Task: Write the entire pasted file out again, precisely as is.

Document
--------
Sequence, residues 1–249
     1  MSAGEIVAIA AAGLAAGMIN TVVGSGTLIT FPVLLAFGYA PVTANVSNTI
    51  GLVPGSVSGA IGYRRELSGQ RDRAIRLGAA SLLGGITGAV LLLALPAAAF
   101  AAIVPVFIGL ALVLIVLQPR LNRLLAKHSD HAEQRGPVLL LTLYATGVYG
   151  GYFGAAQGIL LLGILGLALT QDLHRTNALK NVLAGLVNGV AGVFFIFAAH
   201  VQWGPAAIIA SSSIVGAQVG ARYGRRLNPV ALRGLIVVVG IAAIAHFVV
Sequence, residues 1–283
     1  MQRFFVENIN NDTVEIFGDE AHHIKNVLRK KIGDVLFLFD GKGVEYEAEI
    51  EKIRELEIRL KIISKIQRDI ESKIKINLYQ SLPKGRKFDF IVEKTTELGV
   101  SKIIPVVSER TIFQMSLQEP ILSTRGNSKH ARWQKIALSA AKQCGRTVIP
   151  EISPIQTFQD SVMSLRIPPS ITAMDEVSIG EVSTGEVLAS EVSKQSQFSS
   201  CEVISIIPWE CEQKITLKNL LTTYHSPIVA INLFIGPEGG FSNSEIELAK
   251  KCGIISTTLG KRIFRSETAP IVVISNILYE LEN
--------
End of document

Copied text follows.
Sequence, residues 1–249
     1  MSAGEIVAIA AAGLAAGMIN TVVGSGTLIT FPVLLAFGYA PVTANVSNTI
    51  GLVPGSVSGA IGYRRELSGQ RDRAIRLGAA SLLGGITGAV LLLALPAAAF
   101  AAIVPVFIGL ALVLIVLQPR LNRLLAKHSD HAEQRGPVLL LTLYATGVYG
   151  GYFGAAQGIL LLGILGLALT QDLHRTNALK NVLAGLVNGV AGVFFIFAAH
   201  VQWGPAAIIA SSSIVGAQVG ARYGRRLNPV ALRGLIVVVG IAAIAHFVV
Sequence, residues 1–283
     1  MQRFFVENIN NDTVEIFGDE AHHIKNVLRK KIGDVLFLFD GKGVEYEAEI
    51  EKIRELEIRL KIISKIQRDI ESKIKINLYQ SLPKGRKFDF IVEKTTELGV
   101  SKIIPVVSER TIFQMSLQEP ILSTRGNSKH ARWQKIALSA AKQCGRTVIP
   151  EISPIQTFQD SVMSLRIPPS ITAMDEVSIG EVSTGEVLAS EVSKQSQFSS
   201  CEVISIIPWE CEQKITLKNL LTTYHSPIVA INLFIGPEGG FSNSEIELAK
   251  KCGIISTTLG KRIFRSETAP IVVISNILYE LEN